A simple microfluidic platform for rapid and efficient production of the radiotracer [18F]fallypride

Xin Zhang, Fei Liu, Karla Anne Knapp, Michael L. Nickels, H. Charles Manning, Leon M. Bellan

Research output: Contribution to journalArticlepeer-review

18 Scopus citations


Herein, we report the development of a simple, high-throughput and efficient microfluidic system for synthesizing radioactive [18F]fallypride, a PET imaging radiotracer widely used in medical research. The microfluidic chip contains all essential modules required for the synthesis and purification of radioactive fallypride. The radiochemical yield of the tracer is sufficient for multiple animal injections for preclinical imaging studies. To produce the on-chip concentration and purification columns, we employ a simple "trapping" mechanism by inserting rows of square pillars with predefined gaps near the outlet of microchannel. Microspheres with appropriate functionality are suspended in solution and loaded into the microchannels to form columns for radioactivity concentration and product purification. Instead of relying on complicated flow control elements (e.g., micromechanical valves requiring complex external pneumatic actuation), external valves are utilized to control transfer of the reagents between different modules. The on-chip ion exchange column can efficiently capture [18F]fluoride with negligible loss (∼98% trapping efficiency), and subsequently release a burst of concentrated [18F]fluoride to the reaction cavity. A thin layer of PDMS with a small hole in the center facilitates rapid and reliable water evaporation (with the aid of azeotropic distillation and nitrogen flow) while reducing fluoride loss. During the solvent exchange and fluorination reaction, the entire chip is uniformly heated to the desired temperature using a hot plate. All aspects of the [18F]fallypride synthesis were monitored by high-performance liquid chromatography (HPLC) analysis, resulting in labelling efficiency in fluorination reaction ranging from 67-87% (n = 5). Moreover, after isolating unreacted [18F]fluoride, remaining fallypride precursor, and various by-products via an on-chip purification column, the eluted [18F]fallypride is radiochemically pure and of a sufficient quantity to allow for PET imaging (∼5 mCi). Finally, a positron emission tomography (PET) image of a rat brain injected with ∼300 μCi [18F]fallypride produced by our microfluidic chip is provided, demonstrating the utility of the product produced by the microfluidic reactor. With a short synthesis time (∼60 min) and a highly integrated on-chip modular configuration that allows for concentration, reaction, and product purification, our microfluidic chip offers numerous exciting advantages with the potential for applications in radiochemical research and clinical production. Moreover, due to its simplicity and potential for automation, we anticipate it may be easily integrated into a clinical environment.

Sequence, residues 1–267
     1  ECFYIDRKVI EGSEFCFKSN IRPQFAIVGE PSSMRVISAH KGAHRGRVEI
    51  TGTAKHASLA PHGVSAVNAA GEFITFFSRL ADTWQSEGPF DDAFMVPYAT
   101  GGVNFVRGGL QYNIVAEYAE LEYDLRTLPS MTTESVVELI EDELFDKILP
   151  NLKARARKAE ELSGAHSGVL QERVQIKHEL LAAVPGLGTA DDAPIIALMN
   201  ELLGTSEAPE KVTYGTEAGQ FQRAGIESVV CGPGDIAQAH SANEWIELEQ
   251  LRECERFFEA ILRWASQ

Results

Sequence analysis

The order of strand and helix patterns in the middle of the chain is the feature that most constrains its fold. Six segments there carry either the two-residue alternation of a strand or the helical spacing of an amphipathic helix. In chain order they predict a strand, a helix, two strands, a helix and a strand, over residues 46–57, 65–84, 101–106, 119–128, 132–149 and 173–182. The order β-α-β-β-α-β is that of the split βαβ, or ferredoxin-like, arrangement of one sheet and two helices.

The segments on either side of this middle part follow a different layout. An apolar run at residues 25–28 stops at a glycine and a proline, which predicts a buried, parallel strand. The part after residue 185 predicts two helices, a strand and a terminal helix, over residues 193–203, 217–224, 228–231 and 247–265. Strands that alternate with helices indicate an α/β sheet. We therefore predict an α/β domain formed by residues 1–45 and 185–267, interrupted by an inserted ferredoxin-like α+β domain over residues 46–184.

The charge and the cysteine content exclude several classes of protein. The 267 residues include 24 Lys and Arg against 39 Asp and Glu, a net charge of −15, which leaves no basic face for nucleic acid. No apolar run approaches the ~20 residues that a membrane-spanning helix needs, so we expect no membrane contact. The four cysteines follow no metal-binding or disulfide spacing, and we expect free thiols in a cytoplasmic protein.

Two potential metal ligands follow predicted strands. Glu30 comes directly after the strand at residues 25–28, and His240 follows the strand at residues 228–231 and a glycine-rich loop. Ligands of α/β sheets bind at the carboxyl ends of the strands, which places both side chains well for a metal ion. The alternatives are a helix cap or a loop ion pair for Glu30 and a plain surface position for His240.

Original languageEnglish
Pages (from-to)1369-1377
Number of pages9
JournalLab on a Chip
Issue number9
StatePublished - May 7 2018


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